The Benefits of Exercising Outdoors

It’s more than just the wind in your hair and the sun on your skin…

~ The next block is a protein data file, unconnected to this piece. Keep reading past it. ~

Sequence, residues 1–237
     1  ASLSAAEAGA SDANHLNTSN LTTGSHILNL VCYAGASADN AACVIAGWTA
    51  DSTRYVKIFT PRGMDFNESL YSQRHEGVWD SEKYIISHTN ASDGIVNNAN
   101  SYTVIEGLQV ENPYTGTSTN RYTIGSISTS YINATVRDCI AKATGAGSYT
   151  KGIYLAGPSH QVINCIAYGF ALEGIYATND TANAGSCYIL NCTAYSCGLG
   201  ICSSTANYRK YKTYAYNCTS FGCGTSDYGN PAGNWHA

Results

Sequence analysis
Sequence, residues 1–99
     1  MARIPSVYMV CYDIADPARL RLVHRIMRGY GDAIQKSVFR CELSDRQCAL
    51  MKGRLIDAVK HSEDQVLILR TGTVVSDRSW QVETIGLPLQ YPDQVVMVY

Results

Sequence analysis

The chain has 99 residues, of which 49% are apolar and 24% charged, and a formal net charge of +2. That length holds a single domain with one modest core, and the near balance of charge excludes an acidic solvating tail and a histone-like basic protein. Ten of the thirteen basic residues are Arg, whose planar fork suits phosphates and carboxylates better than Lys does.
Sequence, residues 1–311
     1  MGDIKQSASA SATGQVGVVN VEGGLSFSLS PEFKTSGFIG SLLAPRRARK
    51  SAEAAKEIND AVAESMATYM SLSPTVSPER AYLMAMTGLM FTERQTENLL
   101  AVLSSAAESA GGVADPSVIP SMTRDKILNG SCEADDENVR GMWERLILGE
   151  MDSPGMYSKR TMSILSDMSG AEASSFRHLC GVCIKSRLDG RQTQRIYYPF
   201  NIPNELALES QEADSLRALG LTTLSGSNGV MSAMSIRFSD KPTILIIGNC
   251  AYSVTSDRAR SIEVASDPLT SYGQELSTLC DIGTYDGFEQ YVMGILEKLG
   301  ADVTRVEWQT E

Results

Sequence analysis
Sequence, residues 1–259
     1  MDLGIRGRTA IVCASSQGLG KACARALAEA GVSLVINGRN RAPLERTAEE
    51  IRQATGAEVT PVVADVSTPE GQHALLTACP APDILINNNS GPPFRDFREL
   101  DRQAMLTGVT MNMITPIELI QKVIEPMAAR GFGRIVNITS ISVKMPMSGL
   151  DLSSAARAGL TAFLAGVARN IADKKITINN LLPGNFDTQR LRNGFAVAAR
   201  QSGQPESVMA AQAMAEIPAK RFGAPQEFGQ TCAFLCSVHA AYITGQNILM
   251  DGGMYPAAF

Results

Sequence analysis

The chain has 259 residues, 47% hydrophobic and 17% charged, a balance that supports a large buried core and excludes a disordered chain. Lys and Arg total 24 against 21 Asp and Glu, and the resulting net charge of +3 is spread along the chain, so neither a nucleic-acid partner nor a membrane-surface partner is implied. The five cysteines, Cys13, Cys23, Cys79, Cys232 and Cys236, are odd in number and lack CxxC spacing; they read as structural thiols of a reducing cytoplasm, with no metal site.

\r\nWhile the allure of the gym — climate-controlled, convenient and predictable — is obvious, especially in winter, emerging science suggests there are benefits to exercising outdoors that can’t be replicated on a treadmill, a recumbent bicycle or a track.\r\n\r\nYou stride differently when running outdoors, for one thing. Generally, studies find, people flex their ankles more when they run outside. They also, at least occasionally, run downhill, a movement that isn’t easily done on a treadmill and that stresses muscles differently than running on flat or uphill terrain. Outdoor exercise tends, too, to be more strenuous than the indoor version. In studies comparing the exertion of running on a treadmill and the exertion of running outside, treadmill runners expended less energy to cover the same distance as those striding across the ground outside, primarily because indoor exercisers face no wind resistance or changes in terrain, no matter how subtle.\r\n\r\nThe same dynamic has been shown to apply to cycling, where wind drag can result in much greater energy demands during 25 miles of outdoor cycling than the same distance on a stationary bike. That means if you have limited time and want to burn as many calories as possible, you should hit the road instead of the gym.\r\n\r\nBut there seem to be other, more ineffable advantages to getting outside to work out. In a number of recent studies, volunteers have been asked to go for two walks for the same time or distance — one inside, usually on a treadmill or around a track, the other outdoors. In virtually all of the studies, the volunteers reported enjoying the outside activity more and, on subsequent psychological tests, scored significantly higher on measures of vitality, enthusiasm, pleasure and self-esteem and lower on tension, depression and fatigue after they walked outside.\r\n\r\nRead more from the original New York Times article here.

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